A Woman & Her Money: Credit Today, Gone Tomorrow: A participant shares her story

Tuesday is here again and we’re back talking credit. First, I would like to say that the opening night of HCCI’s Women & Money 2012 series was a great success! Thank you to all the women that attended. I’m very glad that you have taken the first step in educating yourself to meet your goals to have a more secure financial future. It’s often the first step that makes all the difference.

One of the attendees from last Tuesday and I were talking about the class topics when she shared with me her very own story of what she called a “credit disaster”, with her permission I’d like to share her story with you.

Where do I begin?  I was very, very irresponsible with my spending habits when I was younger. I always said that I would never, ever have a credit card…and then a credit card was given to me. Spending trips that were never before possible were now a reality, and to a young me, that was a very dangerous thing. 

My turning point was when I saw myself struggling to keep up with payments. I was paying on time, but the payments were becoming larger and interest was growing steadily. I knew what to do, I just didn’t know where to start. I had a full time job that paid decent. Personal issues caused me to cease employment there and I settled for a position elsewhere that did not pay as well, in fact the salary was much less than I was used to. Therefore I was having a hard time keeping up with payments..and I was shocked at how much those late fees were. Eventually I just stopped paying. Continue reading

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A Woman & Her Money: Break (Only) In Case of Emergency!!

Hello, I’m Megan. I’m 24 and I’m a mother, wife and full time working woman. I’m not new to the workforce, and I’ve been on my own for six years now. And guess what? I’m still overwhelmed with money issues that come along with adulthood.

Now, I didn’t dabble with adulthood in the beginning. I jumped in full force. I welcomed my darling blue-eyed son into this world on my 19th birthday. I was scared, anxious, excited and very, very broke. And to this day, I am still broke, but I’m climbing my way out of debt and into a more stable financial future. It has taken a lot of financial organization and being brutally honest with myself to get here – I’ve had to ask myself ‘What financial issues should be taking priority right now in my life?’ and as you can probably guess, I haven’t always liked the answer. Sometimes that brand new pair of shoes can look so much better than paying your water bill…but again, I’m an adult now.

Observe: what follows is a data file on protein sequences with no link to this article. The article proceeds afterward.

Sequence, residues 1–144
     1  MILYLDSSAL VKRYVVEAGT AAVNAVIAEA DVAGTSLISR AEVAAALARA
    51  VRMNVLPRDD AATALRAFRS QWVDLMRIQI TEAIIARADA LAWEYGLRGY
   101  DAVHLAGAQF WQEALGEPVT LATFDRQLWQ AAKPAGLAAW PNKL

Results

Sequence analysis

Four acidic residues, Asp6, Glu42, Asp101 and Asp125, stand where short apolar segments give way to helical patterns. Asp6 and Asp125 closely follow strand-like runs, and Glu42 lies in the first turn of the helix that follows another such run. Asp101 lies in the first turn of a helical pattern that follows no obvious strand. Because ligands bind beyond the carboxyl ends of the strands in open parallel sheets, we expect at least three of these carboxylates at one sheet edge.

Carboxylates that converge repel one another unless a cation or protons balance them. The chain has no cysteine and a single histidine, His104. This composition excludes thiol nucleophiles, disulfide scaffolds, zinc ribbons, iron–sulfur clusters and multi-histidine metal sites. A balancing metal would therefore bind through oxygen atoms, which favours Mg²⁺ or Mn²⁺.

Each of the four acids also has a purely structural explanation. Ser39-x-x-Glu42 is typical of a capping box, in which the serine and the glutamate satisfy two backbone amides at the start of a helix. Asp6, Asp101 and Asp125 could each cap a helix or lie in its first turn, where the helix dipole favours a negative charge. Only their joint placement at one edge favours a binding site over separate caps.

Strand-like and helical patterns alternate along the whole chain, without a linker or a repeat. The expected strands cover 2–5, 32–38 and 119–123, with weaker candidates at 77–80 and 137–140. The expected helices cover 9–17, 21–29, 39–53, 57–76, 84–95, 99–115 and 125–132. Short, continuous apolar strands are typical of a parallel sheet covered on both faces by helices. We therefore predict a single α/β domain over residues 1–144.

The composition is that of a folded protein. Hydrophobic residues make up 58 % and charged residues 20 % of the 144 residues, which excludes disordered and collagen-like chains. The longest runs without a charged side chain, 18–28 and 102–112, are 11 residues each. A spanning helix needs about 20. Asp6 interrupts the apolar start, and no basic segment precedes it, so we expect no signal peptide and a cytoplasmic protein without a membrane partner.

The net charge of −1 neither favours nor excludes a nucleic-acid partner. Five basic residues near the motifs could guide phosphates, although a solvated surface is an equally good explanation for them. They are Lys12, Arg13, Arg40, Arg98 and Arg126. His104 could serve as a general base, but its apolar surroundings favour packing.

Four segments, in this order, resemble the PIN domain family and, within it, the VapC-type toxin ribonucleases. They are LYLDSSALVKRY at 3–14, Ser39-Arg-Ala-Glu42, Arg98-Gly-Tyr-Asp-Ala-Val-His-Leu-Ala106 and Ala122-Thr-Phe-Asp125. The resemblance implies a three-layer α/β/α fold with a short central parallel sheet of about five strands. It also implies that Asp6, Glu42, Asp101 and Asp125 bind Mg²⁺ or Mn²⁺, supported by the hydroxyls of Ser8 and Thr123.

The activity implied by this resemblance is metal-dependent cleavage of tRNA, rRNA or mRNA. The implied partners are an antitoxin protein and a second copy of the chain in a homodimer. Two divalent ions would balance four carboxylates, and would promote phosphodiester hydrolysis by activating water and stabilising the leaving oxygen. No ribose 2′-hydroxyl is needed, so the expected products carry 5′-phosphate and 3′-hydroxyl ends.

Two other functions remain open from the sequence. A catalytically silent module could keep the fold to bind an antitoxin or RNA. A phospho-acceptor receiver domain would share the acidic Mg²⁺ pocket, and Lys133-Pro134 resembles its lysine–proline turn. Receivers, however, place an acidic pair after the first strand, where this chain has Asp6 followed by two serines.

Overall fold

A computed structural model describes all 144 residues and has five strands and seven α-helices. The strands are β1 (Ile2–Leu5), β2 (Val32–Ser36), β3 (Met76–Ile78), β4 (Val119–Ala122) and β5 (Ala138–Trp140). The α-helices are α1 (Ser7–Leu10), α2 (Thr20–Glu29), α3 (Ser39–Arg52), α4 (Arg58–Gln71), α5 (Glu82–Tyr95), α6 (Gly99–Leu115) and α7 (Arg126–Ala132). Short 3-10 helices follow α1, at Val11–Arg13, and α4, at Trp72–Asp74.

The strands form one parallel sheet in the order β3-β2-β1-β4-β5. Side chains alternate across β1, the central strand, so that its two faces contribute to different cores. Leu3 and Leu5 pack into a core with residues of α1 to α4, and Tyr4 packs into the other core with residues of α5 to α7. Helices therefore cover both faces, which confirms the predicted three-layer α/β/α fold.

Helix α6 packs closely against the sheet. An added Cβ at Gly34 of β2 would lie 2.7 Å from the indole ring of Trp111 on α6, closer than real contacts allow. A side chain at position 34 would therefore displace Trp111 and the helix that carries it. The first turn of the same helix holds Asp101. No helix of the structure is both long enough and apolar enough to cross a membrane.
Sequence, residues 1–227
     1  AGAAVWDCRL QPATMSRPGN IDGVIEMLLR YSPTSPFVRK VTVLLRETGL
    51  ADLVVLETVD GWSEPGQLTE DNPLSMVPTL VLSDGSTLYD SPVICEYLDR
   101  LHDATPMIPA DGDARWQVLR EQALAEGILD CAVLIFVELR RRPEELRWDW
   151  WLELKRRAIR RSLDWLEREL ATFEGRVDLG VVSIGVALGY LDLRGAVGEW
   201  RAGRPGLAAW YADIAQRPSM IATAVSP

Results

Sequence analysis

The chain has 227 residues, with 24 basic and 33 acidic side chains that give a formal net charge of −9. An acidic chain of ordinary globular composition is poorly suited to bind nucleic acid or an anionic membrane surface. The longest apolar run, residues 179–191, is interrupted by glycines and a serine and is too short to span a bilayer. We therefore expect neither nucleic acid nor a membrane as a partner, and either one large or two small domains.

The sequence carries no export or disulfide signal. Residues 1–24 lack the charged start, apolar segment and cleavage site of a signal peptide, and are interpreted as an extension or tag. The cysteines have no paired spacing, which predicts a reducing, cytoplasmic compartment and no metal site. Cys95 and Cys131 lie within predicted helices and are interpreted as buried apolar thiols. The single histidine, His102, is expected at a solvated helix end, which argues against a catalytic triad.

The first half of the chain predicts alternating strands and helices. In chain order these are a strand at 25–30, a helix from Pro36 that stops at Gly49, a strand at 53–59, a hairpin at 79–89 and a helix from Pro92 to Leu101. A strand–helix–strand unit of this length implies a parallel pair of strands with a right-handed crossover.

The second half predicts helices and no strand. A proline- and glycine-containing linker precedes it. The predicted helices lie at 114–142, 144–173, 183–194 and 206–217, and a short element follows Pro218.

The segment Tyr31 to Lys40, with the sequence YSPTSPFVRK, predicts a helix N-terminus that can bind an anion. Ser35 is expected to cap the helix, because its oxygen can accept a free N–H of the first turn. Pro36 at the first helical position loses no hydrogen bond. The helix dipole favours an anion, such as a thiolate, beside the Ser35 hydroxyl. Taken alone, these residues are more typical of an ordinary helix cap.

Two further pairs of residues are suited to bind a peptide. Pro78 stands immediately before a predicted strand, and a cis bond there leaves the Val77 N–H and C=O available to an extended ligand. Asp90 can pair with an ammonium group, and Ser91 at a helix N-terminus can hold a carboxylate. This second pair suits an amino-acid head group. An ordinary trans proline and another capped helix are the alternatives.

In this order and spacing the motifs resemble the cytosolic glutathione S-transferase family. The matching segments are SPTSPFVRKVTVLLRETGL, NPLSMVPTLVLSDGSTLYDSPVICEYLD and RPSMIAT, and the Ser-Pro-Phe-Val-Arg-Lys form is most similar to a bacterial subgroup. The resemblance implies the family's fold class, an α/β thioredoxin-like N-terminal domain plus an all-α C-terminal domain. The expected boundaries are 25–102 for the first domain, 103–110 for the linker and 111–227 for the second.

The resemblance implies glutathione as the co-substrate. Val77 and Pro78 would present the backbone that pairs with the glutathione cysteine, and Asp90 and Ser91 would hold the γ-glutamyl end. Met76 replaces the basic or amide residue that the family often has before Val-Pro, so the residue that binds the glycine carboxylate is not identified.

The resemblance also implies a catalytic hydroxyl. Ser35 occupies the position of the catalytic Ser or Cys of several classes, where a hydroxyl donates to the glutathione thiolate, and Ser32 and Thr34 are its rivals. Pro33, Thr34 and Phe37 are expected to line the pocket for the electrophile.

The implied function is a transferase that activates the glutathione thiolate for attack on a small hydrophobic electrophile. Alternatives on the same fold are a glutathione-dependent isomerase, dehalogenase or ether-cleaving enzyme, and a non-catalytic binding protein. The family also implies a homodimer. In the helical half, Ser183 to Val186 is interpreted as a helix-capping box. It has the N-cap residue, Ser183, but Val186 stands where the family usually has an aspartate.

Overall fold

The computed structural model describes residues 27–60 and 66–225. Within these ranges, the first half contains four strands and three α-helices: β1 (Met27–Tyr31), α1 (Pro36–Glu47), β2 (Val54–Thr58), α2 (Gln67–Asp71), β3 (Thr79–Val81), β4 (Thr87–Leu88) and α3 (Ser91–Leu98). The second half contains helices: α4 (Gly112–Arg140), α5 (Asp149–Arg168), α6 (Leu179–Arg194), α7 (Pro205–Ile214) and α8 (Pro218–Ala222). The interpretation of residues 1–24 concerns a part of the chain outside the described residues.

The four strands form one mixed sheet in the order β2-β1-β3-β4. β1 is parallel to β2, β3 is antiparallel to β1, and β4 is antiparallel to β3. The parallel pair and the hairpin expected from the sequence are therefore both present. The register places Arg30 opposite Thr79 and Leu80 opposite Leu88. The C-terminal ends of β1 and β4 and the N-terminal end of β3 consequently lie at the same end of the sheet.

Another part of being an adult is being prepared for an emergency, which prompts another question: ‘What would I do in a financial emergency?’ Continue reading

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Women and Retirement: Where Do You Begin?

You probably have more questions about retirement than you know what to do with, no matter how young or old you are. This is understandable. Women face extra special challenges when planning for their retirement. On average, women typically live five years longer than men. While U.S. women are more likely to enroll in employer-offered retirement plans than men, women continuously end up with less retirement income than men.

According to the Government Accountability Office (GAO), reasons could be that women have smaller lifetime earnings than men and take more time away from their career to care for or start a family, on average. These factors, coupled with crippling effects of divorce and widowhood, have resulted with the poverty rate among women age 65 and older being nearly twice as high as men’s – 9 percent versus 5 percent.

To face financial challenges head on, women need to make retirement planning a priority. Here’s what you can do to get started: Continue reading

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